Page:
RODGERS: What are some of your favorite baseball memories?

RYAN: The first one that comes to mind is being on a World Championship team with the New York Mets in ’69 as a youngster. Then each one of my no-hitters just because of how unique they were.

RODGERS: You also ranch. When you were nine or 10, you had some calves that you put in the family garage when a hurricane was coming.

RYAN: Yeah, I talked my parents into letting me lease a little pasture at the rodeo grounds in Alvin. I got my mother to take me to the dairy for a day-old calf. Paid a dollar fifty for it. Two weeks later, I went back and bought another one, and it’d gone up to two dollars. When the hurricane came, I had to move them. They were bottle calves, so we built a little stall in the garage, filled it with hay, and brought them in there. [Chuckles.] I’d get them up to four or five hundred pounds, take them to auction, and sell them, then buy me a heifer to build my numbers up.

When I got to junior high, I had to decide whether I was gonna stay in my cattle business or play sports. So I sold my cattle with the intent of getting back into it, and I did, in 1972. I started buying property, then I started ranching around the Alvin area. We also bought property in Gonzales County. Finally I accumulated enough property so that I could set up an operation. We run about 1,500 to 1,800 cows on 25,000 combined acres that we own and lease.

RODGERS: One of your ranches is the historic Ray Ranch.

RYAN: Yeah, we bought the south end of the Ray Ranch in Live Oak and McMullen counties. The ranch was in J. Frank Dobie’s book Tales of Old-Time Texas. I’ve read all his books and really enjoyed them. In fact, I’ve got a Dobie collection.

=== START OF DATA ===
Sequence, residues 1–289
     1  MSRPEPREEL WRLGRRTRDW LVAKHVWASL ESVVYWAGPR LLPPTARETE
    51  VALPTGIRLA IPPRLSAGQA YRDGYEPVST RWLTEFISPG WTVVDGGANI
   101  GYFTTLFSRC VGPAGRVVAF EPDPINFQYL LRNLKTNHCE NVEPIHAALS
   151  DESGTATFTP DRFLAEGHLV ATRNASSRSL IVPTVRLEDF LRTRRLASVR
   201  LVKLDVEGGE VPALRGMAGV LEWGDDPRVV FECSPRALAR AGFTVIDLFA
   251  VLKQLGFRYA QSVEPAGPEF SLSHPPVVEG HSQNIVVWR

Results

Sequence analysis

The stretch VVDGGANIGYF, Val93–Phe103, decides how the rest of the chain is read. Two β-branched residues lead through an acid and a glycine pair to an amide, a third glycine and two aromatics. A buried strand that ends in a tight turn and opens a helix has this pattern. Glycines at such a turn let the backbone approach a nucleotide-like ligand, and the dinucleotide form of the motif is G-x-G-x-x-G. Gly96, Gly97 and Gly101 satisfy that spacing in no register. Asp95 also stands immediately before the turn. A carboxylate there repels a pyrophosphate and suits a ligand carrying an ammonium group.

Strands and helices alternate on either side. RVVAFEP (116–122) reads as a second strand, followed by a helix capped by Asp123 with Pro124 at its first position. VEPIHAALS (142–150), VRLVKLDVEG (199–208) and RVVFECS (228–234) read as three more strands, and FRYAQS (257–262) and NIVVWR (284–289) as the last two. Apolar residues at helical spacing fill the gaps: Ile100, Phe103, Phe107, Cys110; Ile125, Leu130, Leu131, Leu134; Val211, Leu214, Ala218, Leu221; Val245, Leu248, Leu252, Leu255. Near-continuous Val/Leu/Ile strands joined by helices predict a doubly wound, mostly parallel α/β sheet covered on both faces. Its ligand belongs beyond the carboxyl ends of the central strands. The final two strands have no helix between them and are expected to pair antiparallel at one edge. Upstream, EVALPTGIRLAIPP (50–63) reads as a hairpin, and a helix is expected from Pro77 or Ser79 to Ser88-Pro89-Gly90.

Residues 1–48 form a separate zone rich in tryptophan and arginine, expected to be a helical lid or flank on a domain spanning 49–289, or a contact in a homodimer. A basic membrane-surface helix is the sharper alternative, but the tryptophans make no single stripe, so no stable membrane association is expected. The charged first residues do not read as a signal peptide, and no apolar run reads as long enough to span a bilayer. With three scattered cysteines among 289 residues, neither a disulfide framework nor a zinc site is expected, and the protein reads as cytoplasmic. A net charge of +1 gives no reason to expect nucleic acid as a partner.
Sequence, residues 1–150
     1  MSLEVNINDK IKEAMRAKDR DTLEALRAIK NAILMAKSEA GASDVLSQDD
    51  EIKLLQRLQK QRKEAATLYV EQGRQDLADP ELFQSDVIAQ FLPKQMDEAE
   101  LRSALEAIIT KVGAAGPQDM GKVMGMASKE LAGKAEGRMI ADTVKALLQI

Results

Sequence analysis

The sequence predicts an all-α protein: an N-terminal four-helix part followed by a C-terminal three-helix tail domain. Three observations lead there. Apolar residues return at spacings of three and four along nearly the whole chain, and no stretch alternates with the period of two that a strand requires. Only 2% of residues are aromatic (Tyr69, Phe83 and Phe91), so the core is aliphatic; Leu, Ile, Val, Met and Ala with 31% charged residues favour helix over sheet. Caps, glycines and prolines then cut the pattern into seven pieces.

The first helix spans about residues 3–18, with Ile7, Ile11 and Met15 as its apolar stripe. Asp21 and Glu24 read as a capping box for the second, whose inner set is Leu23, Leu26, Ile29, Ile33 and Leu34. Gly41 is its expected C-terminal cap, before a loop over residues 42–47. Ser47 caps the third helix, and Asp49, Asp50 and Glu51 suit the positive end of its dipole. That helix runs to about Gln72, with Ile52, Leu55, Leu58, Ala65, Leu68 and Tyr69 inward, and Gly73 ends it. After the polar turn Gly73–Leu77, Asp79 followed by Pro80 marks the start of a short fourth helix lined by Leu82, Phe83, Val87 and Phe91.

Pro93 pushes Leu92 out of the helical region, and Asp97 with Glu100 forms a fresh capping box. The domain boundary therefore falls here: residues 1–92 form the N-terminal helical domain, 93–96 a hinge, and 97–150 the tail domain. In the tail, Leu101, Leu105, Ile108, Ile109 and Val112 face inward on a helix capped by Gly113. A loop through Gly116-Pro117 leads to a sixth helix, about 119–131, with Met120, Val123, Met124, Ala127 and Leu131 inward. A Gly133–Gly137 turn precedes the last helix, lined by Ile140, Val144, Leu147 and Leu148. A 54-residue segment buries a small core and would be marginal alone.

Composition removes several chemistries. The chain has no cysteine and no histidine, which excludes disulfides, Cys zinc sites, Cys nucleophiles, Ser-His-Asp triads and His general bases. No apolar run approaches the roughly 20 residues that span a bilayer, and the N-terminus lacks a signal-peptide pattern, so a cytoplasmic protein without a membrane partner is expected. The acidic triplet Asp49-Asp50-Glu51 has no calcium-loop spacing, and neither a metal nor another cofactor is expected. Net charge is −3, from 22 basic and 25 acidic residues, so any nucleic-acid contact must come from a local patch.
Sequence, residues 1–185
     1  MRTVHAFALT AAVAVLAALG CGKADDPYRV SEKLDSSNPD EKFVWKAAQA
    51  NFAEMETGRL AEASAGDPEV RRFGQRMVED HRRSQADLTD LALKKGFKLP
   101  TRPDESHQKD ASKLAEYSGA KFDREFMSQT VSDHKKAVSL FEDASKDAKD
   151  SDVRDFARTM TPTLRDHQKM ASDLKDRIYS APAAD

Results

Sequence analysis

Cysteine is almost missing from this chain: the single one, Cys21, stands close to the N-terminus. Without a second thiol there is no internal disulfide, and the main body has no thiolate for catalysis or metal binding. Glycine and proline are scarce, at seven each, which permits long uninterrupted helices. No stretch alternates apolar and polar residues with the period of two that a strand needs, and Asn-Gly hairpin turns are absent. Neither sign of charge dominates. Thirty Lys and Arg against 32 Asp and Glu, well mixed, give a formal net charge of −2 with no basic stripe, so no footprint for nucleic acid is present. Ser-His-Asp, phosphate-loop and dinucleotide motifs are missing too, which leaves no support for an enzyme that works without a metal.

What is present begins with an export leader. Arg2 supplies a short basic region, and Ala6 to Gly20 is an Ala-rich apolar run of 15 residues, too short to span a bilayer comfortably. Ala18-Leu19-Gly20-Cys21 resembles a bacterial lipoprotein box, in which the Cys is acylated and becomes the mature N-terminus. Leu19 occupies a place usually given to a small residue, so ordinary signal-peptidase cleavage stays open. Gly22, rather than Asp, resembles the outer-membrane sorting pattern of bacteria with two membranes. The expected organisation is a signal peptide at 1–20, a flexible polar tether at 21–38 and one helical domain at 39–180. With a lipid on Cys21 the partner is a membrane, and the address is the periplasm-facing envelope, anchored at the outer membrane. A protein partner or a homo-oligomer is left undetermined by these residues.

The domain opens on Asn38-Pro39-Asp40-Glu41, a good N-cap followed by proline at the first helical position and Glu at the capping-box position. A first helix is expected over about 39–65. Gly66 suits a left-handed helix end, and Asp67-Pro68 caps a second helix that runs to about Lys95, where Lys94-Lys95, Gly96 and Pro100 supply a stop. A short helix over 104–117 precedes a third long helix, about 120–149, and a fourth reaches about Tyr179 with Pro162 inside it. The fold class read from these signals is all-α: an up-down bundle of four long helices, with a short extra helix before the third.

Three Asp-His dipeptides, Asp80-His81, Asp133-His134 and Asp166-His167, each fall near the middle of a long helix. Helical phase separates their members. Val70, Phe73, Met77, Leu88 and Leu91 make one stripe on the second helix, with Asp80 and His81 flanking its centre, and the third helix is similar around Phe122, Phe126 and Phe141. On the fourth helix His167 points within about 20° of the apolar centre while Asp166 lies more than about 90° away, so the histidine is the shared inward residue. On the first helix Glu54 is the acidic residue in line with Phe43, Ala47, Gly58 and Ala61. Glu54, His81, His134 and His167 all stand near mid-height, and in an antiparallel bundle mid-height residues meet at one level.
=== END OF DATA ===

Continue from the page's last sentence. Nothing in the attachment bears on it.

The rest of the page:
RODGERS: You also own Nolan Ryan’s Waterfront Restaurant near Three Rivers. How’d you get into that business?

RYAN: I have a ranch down there, and there was a motel/restaurant for sale. I enjoyed eating there, and I wanted to see it stay open, so we bought the motel and restaurant. I eventually sold the motel and kept the restaurant. It’s mainly a steak place, so we serve our branded beef there.

RODGERS: Boy, it’s sure windy here today.

RYAN: Yeah! Old-timers say when you have consistent wind like this, then that means you’re gonna have a drought. So we’ll see if that’s true or not. Drought’s good for baseball because you don’t have rainouts but bad for the cattle business. That’s what you call mixed emotions! [Laughs.]

It’s funny how you look at things. We had a rainout here one day. So we’re sitting here, agonizing over the rain, and wondering, do we call the game, or do we put people in the stands and take a chance of violent weather and having to evacuate? So we’re worrying about all that, but then I’m also thinking, “Gosh, why couldn’t this have been at the ranch?”

RODGERS: In the ’90s, you served on the Texas Parks and Wildlife Commission. When you have free time, what are your favorite places to visit in Texas?

RYAN: Probably Big Bend and Palo Duro. I like to wade-fish in the Laguna Madre because it’s unique—it has both saltwater and fresh water, and you can see the fish in the water.

RODGERS: Tell me how you got your nickname, the Ryan Express.

RYAN: A sportswriter in New York, after the movie Von Ryan’s Express came out in ’65, started calling me the Von Ryan Express. Then it got dropped to the Ryan Express. The name just stuck.

RODGERS: Your wife once came across one of your high school notebooks, where you listed five things you wanted to do in life. Three of them were to own a ranch, own cattle, and play Major League baseball. So you knew from real early on what you wanted to do! You’ve really accomplished a lot in your life in a lot of different areas.

RYAN: I’ve been very blessed because my ability to throw a baseball gave me the opportunity to play Major League baseball. The work ethic instilled in me by my parents gave me the opportunity to take advantage of baseball and to pursue my interest in the cattle business. One complimented the other.

RODGERS: Is there anything else you want to do in life?

RYAN: I want to spoil each and every one of my six grandchildren. And I work on it as much as I can on a daily basis.

From the April 2009 issue